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I've recently started playing 5e (as my and most of the players' first DnD game) and at one point my Transmutation specialist Wizard used the Minor Alchemy class ability (PHB, p. 119) to turn some stone into wood.

While thinking about this ability and its implications, we started wondering if the default "wood" that gets created is from a particular type of tree, and for that matter, whether the caster can decide what kind of wood it's going to be. For example, could you intentionally create some cedar, or rich mahogany?

Presumably copper or iron are pure samples of their respective elements, but the idea of "pure wood" seems non-obvious, as does stone (which stone?). Have any rules for determining the types of materials created by transmutation been established, either in the fifth or previous editions?

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    \$\begingroup\$ Because the amount of detail and crunch and extra rules will vary from one edition to the next, I suggest that you separate out the 5e question from "previous edition" question and ask a separate question about a previous edition. One of the things 5e did was reduce the number of rules and the amount of detail like what you are referring to, leaving it up to the DMs and players to come up with some of those details. \$\endgroup\$ Jan 20, 2016 at 20:18
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    \$\begingroup\$ My question is, why does it matter? What are you hoping to achieve by bringing in this level of detail? As far as the rules seem to be concerned, wood is wood is wood so what "problem" are you trying to overcome here? \$\endgroup\$ Jan 22, 2016 at 6:16
  • \$\begingroup\$ @PurpleMonkey Mostly just curious--like I said, I'm new to roleplaying, so I'm trying to get a sense of what's allowed for vague cases like this. It could have some practical effects in game, like if some type of wood is extremely valuable or has medicinal properties (that you don't mind being reversed in an hour). \$\endgroup\$
    – Milo P
    Jan 22, 2016 at 17:10
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    \$\begingroup\$ I am currently toying with possibilities and something you could turn something else into and it would be useful is balsa wood. \$\endgroup\$
    – Yeshe
    Jul 14, 2016 at 11:49

2 Answers 2

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I have discovered nowhere that specifies the specific type/variant of material that must be created. I even looked at 3.5 and pathfinder flesh to stone (for previous editions).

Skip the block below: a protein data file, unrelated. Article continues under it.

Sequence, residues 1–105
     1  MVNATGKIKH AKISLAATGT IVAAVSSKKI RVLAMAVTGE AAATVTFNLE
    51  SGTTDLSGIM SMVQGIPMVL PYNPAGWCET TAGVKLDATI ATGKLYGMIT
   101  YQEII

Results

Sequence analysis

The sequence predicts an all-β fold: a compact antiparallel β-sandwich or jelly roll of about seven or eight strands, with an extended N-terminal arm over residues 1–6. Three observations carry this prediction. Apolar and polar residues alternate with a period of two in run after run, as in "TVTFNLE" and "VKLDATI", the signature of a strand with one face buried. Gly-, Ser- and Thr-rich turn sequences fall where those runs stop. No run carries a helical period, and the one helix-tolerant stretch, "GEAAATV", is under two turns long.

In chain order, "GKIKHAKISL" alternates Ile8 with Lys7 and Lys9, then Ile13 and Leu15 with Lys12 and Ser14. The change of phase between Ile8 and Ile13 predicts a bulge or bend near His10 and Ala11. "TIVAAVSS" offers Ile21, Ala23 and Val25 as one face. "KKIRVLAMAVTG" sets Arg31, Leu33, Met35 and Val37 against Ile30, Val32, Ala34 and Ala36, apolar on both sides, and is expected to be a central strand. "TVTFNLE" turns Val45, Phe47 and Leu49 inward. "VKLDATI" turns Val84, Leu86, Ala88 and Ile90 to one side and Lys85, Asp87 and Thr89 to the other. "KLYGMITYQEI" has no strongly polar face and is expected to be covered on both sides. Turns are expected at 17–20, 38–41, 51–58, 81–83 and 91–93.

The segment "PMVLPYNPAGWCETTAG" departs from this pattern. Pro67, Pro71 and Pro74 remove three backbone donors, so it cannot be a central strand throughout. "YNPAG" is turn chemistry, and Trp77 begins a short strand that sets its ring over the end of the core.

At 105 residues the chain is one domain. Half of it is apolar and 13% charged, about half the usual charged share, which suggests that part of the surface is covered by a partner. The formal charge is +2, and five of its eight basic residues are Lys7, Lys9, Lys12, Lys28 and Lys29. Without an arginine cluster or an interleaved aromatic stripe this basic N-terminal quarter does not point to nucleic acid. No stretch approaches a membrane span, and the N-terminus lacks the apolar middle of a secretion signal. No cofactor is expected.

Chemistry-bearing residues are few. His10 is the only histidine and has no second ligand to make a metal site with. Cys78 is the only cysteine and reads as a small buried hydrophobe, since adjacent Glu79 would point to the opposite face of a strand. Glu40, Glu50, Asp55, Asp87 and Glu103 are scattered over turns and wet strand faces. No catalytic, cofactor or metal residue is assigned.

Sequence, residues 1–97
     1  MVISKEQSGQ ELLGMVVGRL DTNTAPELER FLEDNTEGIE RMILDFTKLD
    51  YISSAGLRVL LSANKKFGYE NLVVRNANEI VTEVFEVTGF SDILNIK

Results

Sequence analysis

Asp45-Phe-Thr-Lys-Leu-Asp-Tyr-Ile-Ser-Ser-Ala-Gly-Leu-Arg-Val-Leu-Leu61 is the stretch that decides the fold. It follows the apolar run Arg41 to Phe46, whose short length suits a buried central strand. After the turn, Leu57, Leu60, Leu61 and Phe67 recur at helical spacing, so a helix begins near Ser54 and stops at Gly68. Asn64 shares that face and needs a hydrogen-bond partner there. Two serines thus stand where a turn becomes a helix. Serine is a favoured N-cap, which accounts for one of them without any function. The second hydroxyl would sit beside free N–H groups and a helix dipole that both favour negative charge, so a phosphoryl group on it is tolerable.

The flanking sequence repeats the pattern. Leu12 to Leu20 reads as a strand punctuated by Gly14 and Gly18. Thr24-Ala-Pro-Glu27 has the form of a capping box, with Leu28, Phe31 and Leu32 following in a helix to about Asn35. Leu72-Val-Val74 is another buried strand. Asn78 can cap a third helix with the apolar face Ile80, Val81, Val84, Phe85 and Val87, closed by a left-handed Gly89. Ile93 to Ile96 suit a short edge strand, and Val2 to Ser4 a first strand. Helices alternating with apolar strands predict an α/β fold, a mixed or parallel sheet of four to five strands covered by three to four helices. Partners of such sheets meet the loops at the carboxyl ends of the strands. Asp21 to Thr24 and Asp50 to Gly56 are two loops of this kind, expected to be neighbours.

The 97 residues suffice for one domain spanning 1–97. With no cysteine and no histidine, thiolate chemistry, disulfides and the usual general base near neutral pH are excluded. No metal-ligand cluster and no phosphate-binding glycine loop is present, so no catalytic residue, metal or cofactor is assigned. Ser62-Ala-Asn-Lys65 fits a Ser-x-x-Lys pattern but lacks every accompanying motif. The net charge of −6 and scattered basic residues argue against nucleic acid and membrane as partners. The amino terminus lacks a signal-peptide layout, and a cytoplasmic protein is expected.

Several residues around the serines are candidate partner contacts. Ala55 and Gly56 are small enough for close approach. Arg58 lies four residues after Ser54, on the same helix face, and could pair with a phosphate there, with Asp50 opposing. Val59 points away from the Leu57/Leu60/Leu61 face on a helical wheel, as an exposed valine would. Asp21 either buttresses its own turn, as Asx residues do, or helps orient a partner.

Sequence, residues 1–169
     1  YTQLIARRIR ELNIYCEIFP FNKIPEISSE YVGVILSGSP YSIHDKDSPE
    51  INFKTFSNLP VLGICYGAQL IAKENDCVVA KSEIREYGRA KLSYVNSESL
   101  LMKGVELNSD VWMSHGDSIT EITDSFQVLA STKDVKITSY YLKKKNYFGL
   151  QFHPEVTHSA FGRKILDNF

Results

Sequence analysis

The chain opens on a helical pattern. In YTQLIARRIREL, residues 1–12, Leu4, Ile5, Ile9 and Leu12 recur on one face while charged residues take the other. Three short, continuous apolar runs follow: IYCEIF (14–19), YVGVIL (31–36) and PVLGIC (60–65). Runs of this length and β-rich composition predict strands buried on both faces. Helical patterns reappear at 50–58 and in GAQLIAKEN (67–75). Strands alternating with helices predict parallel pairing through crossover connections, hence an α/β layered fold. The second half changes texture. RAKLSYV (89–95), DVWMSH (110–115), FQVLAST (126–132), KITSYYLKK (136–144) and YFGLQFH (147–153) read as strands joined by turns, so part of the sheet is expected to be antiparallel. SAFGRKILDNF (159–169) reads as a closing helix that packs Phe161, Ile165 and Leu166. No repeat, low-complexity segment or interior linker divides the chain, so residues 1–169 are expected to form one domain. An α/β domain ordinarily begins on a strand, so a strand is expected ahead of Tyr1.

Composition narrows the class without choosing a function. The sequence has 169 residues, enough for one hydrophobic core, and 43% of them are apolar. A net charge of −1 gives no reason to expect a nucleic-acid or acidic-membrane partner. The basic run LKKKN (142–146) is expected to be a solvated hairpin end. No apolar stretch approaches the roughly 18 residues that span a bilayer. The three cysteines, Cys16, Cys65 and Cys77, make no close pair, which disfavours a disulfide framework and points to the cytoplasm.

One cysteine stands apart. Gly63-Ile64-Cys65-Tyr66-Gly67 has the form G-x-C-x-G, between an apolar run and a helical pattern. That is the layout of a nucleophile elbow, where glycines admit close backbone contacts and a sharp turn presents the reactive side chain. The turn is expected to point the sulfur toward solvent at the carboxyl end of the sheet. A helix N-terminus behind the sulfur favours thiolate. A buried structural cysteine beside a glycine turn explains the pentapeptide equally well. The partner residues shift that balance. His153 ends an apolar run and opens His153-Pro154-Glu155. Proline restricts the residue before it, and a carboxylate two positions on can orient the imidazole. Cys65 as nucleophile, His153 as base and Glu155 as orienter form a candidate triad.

Given the fact that the effect only lasts an hour, as long as the PC is familiar with the material (has he ever seen or held rich mahogany?) I would rule that he would be allowed to imitate woods that he has previously seen or held.

Also, and somewhat unrelated, you might consider what effect this ability might have on the economy at large. Is it a common ability? If so, is it common to try and sell alchemically altered materials only to have them change to something else an hour later? What do the authorities do when those materials are sold and they change back? I think there are some interesting implications that come with the ability that might be worth exploring further in your game.

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    \$\begingroup\$ Ah, the ol' forgery-through-magic question. I really liked the way Advanced Dungeons and Dragons Second Edition approached it: There was a second-level wizard spell that disguised copper coins as gold - but there was a relatively mundane trick that uncovered the illusion, so using the spell too frequently would result in the trick becoming common knowledge and practice... \$\endgroup\$
    – GMJoe
    Jan 20, 2016 at 23:10
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    \$\begingroup\$ Actually that might be a cool way to sculpt some precious stone by transmuting it to wood first, carving it, then letting it revert back to its natural form. Ouila, instant masterpiece. \$\endgroup\$
    – Escoce
    Jan 21, 2016 at 16:39
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    \$\begingroup\$ @Escoce (Stage whisper: it's “voilà”.) \$\endgroup\$ Jan 22, 2016 at 7:22
  • \$\begingroup\$ @SevenSidedDie Whisper back: yeah but I say wahla not vwahla \$\endgroup\$
    – Escoce
    Jan 22, 2016 at 22:12
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The spell does not say which wood, so this is up to the DM

In cases where the rules are ambiguous, the game relies on the DM to interpret the rules. Xanathar's Guide to Everything explains this idea on page 5:

Many unexpected events can occur in a D&D campaign, and no set of rules could reasonably account for every contingency. If the rules tried to do so, the game would become a s log. An alternative would be for the rules to severely limit what characters can do, which would be contrary to the open-endedness of D&D.
Here's the path the game takes: it lays a foundation of rules that a DM can build on, and it embraces the DM's role as the bridge between the things the rules address and the things they don't.

So, your DM will need to decide if you can just pick any kind of stone or wood, if you can pick any stone or wood you have seen before, or if it is a "standard" kind of stone or wood of average weight, density, and hardness.

There can be quite large differences, for example in density. Balsa wood can weigh as little as 8 lb. per cubic foot, while Hickory can weigh 50 lb. per cubic foot. Pumice is the lightest rock, with a weight of 40 lb. per cubic foot, while gabbro weighs over 200 lb per cubic foot. A factor of five might well make a difference in some scenarios. For example, pumice is so light it can float on water.

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